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Old 15-06-2012, 11:41   #37
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Re: Honduras: Sailing Boat Boarded and Robbed by Pirates

A.V.O.I.D.

Spend your freedom credits in nice countries.

b.
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Old 15-06-2012, 12:22   #38
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Re: Honduras: Sailing Boat Boarded and Robbed by Pirates

My gut reaction is to resist. My brain has conveyed to me that staying away from 3rd world countries is a proper notion. I was thinking about going to Europe via the red sea but, perhaps not. If you have 11000 in cash and valuables on board perhaps that amount is not worth the consequences of a shoot out.

As to the flare gun at 40 yards lets hope that the first round hits! Also most Pacific nations insist that you give your firearms up when you anchor, so the whole thing about having a go is a mute point. How do you prove that the dead guys meant you any harm at 40 yards etc. Who's side will the "law" be on. The Mega rich and well loved Brits or Yanks? or the poor local fisherman trying to make a living who was just asking for a little water?

I think the victim here escaped a violent and terrifying attack with some good judgement. .

Lastly very few of us would think of driving into a rough and poor neighborhood with a crap load of money and valuables in our open and very expensive car. We would be very foolish to do so. But in essence is that not what we are doing when we sail our beautiful boats into poor areas of the world? I am not excusing or trying to diminish the violent behavior, just that my only surprise is it does not happen more often.
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Old 15-06-2012, 13:44   #39
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Re: Honduras: Sailing Boat Boarded and Robbed by Pirates

Everyone seems worried about their wife. If you were standing in front of my wife while she has her 12 gauge you had better worry about yourself. As for me you are going to have a hole in one side and out the other in your engine and it will be starting a fire along the way.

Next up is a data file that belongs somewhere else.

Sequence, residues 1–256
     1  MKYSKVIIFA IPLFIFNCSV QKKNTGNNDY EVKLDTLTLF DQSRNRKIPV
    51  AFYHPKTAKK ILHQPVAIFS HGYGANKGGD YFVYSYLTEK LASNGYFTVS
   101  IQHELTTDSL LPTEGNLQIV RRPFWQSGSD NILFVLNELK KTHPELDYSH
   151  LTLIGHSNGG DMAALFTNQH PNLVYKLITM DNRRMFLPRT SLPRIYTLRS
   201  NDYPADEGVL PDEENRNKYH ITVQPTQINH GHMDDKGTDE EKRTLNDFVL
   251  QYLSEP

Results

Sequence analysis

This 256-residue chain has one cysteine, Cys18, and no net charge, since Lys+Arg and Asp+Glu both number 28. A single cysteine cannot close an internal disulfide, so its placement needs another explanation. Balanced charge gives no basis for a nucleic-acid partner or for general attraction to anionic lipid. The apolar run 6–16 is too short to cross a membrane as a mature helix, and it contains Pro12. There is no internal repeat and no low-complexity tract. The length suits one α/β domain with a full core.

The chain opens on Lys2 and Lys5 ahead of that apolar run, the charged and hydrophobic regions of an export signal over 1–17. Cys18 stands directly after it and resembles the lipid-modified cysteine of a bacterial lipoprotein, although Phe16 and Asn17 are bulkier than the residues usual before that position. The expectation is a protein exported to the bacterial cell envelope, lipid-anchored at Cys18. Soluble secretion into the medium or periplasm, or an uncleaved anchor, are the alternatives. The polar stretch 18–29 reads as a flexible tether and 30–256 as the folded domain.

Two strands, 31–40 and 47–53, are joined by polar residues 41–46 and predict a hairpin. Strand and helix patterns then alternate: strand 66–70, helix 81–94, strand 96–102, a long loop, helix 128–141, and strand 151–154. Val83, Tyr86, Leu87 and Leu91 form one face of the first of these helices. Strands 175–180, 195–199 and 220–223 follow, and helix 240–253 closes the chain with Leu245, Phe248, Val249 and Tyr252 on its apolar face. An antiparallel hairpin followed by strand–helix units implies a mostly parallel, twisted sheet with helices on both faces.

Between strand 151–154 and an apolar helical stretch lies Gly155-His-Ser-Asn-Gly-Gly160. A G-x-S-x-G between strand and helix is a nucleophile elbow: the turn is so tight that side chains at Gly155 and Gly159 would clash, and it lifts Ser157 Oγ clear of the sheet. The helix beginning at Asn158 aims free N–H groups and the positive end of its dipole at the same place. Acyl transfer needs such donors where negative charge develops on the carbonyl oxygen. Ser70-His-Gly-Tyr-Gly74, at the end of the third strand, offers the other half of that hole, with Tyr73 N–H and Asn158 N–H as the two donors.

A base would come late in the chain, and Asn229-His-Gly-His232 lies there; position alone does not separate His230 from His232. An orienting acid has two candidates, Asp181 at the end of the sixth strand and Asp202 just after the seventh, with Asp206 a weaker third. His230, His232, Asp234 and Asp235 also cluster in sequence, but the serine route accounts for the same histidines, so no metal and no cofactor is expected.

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Old 15-06-2012, 13:46   #40
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Re: Honduras: Sailing Boat Boarded and Robbed by Pirates

I have one of those flare guns on board, it came with the boat,
I have flares that it shoots,

Its supposed to fire a flare into the sky, I dont know, I have never fired it,

A few questions about it from people who have fired one of these flare guns,

How much flame, explosion, flare, heat, fire, Etc, do they produce,

Would it burn a hole in a boat coming along side yours,

Would it have enough flame and smoke to distract people in the boat,

Would it put the people in the boat in danger of sinking their boat,

Is it a very big flare or just a small bright light that it puts out,

The chances of some one on a small boat being able to shoot at you accurately is very slim,
So you would certainly be able to fire a few of these flares into their boat as they where bobbing around trying to grab hold of the side of your boat,

Even throwing ordinary flares into their boat beside yours, would certainly upset their apple cart,

It would certainly create confusion on their part, If not put them in a serious case of sinking their own boat,

Put your self in their shoes, You want to rob this boat, First you have to get onto it,

Your in a wildly bobbing boat, you have to grab hold of the boat your boarding, You have a gun in your hand,

Your not very steady, The people on the boat are throwing flares at you, If not shooting flares at you,
Is your boat on fire from the flares, Has one of those flares hit you,

I have seen them fire off flares at soccer matches, on the ground, they release a lot of smoke and flames,
People certainly move away form them,

Your on a solid boat, its usually pretty steady compared to a bobbing boat,

The pirate boat is only a few feet away from yours, I carry about six flares of different kinds,

They would get the lot as fast as I could release them, Starting with the ones from the flare gun, fired straight at the person standing up trying to board my boat,